# Intro to evolutionary algorithms with R for beginners (from scratch) [PART 1]

Using evolution to fit a basic linear model Evolution by natural selection is a powerful process that leads to (and continues to shape) the wonderful diversity of organisms on Earth today. It is fairly simple in its mechanics—essentially an optimization routine that allows species to evolve to an ever-changing environment:

In this intro series of posts on the basics, I want to show you how you can use the same evolutionary optimization algorithm to ‘evolve’ (optimize) solutions to other problems. Using evolutionary algorithms to solve problems is very powerful—just think of how many different solutions to flight have been reached through biological evolution.

There are all sorts of really cool applications for evolutionary algorithms, including some fun ways of simulating biological evolution itself. Jeffrey Ventrella is an algorithmic artist that uses various types of coded algorithms to create some really outstanding works of art. Of particular interest for me as an ecologist and biologist was his creation of Gene Pool—an artificial life ecosystem of swimming creatures that slowly evolve through natural selection. Check out the Swimbots website to learn more about that and see his simulation in action. Full disclosure, I’ve been recently collaborating with him on some really interesting projects aimed at studying the evolution and co-existence of swimbot creatures in Gene Pool (click here to see a video about our latest work).

For now, let’s back down a bit and focus on something somewhat simpler than virtual swimmers or flight… We’ll start with how to use evolutionary algorithms for fitting a basic linear model. We’ll use the same dataset that I went over in my tutorial for basic linear regression so that you can compare the two methods.

The basic evolutionary algorithm we use is very similar to the biological algorithm of evolution by natural selection, but I’ll expand it a bit in more detail and explain each step. I’ll note that there are some packages and functions built for running evolutionary algorithms in R, but I want to show you how it’s done from scratch so that you can understand the mechanics more directly.

To start, let’s load the data we are working with first using the `data()` function.

``````# Load the data:
data(trees)

# rename columns
names(trees) <- c("DBH_in","height_ft", "volume_ft3")

# Show the top few entries:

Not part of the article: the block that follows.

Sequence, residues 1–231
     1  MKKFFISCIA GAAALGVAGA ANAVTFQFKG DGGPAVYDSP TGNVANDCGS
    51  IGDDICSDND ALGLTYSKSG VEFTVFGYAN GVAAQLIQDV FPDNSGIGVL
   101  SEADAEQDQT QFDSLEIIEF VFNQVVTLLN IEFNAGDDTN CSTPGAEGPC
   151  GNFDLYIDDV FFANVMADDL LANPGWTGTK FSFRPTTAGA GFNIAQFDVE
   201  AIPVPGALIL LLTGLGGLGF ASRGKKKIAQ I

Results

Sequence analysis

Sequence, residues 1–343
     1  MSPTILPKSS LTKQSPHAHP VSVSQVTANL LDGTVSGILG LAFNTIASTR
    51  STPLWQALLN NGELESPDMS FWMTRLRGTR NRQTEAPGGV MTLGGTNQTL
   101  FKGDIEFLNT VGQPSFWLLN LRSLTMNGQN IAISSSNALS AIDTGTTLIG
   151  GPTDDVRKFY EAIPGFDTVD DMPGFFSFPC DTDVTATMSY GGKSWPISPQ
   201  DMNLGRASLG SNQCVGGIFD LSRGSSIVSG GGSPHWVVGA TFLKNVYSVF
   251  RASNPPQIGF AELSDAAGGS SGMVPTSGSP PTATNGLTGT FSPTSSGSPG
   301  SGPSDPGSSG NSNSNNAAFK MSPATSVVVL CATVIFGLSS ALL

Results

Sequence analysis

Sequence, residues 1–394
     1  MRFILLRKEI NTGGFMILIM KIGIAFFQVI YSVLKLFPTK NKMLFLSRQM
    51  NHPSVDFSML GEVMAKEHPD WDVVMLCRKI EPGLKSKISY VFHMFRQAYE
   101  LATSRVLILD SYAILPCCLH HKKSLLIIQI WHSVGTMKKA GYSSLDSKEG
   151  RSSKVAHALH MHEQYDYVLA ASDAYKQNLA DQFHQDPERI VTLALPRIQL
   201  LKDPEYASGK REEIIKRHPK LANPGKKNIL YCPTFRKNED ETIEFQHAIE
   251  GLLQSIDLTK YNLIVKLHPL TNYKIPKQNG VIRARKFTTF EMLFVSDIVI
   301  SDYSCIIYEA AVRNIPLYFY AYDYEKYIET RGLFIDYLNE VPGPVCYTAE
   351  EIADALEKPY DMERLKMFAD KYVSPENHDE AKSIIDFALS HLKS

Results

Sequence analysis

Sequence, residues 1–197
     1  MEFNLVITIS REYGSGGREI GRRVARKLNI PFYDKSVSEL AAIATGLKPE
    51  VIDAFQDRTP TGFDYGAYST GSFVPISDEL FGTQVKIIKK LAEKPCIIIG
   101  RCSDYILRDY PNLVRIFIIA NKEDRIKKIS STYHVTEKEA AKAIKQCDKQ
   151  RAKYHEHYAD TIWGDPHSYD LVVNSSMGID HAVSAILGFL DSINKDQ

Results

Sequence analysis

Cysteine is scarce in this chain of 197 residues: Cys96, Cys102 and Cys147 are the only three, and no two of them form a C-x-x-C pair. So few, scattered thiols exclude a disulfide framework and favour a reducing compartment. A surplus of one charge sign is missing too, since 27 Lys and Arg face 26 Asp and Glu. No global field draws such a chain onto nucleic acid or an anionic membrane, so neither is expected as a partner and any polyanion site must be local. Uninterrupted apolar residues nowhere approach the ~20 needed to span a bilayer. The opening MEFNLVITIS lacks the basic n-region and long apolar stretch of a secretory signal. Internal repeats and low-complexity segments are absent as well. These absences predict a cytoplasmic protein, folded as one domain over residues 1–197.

``````
``````##   DBH_in height_ft volume_ft3
## 1    8.3        70       10.3
## 2    8.6        65       10.3
## 3    8.8        63       10.2
## 4   10.5        72       16.4
## 5   10.7        81       18.8
## 6   10.8        83       19.7
``````

These data include measurements of the diameter at breast height in inches (DBH_in), height in feet (height_ft) and volume in feet cubed (volume_ft3) of 31 black cherry trees. I just went ahead and renamed those columns for clarity.

For this tutorial (as with my tutorial on simple linear regression), our goal is to model the association between tree height and diameter.

### `DBH_in ~ height_ft`

A quick plot shows that there is probably a relationship there:

``````plot(DBH_in ~ height_ft, data = trees, pch=16, cex=1.5)
`````` So our goal is to determine the coefficients of the relationship between height and DBH. In other words, we want to find the best-fit line for this regression.

The actual function for the line we want is Y = a + b*X, where Y is `DBH_in`, X is `height_ft`, ‘a’ is the intercept, and ‘b’ is the slope of the line. Our goal is to ‘evolve’ a solution for the ‘a’ and ‘b’ coefficients that generate the best-fit line.

## 1) Starting Population

First we’ll create a function that generates a starting population of 100 potential organisms (models):

``````set.seed(123) # to get the same results as me

# 100 random 'a' values based on a uniform distribution from -100 to 100
a_coef <- runif(min=-100, max=100, n=100)
# 100 random 'b' values based on a uniform distribution from -100 to 100
b_coef <- runif(min=-100, max=100, n=100)

# pair these together into a dataframe of two columns and call this a population
# and also add in a column for fitness so that we can keep track of the fitness
# of each organism/model:
population <- data.frame(a_coef, b_coef, fitness=NA)
``````
``````##      a_coef     b_coef fitness
## 1 -42.48450  19.997792      NA
## 2  57.66103 -33.435292      NA
## 3 -18.20462  -2.277393      NA
## 4  76.60348  90.894765      NA
## 5  88.09346  -3.419521      NA
## 6 -90.88870  78.070044      NA
``````

Now put this code into its own function:

``````gen_starting_pop <- function(){
# 100 random 'a' values based on a uniform distribution from -100 to 100
a_coef <- runif(min=-100, max=100, n=100)
# 100 random 'b' values based on a uniform distribution from -100 to 100
b_coef <- runif(min=-100, max=100, n=100)

# pair these together into a dataframe of two columns and call this a population
# and also add in a column for fitness so that we can keep track of the fitness
# of each organism/model:
population <- data.frame(a_coef, b_coef, fitness=NA)

return(population)
}
``````

## 2) Function to evaluate fitness

Next we need to create a function that will evaluate the ‘fitness’ of each ‘organism’ (I’ll just refer to the organisms as the ‘models’ from here on). The fitness we need in this case is based on how good of a fit each model provides. To think in terms of biological evolution, imagine that the line that the coefficients create is the phenotype while the coefficients themselves are the DNA. Natural selection always acts on the phenotype, which we can create from the DNA by applying the full model I described before: `DBH_in = a + b*height_ft`. We can evaluate the fitness by testing how well the right side of the equation predicts the left side (DBH_in).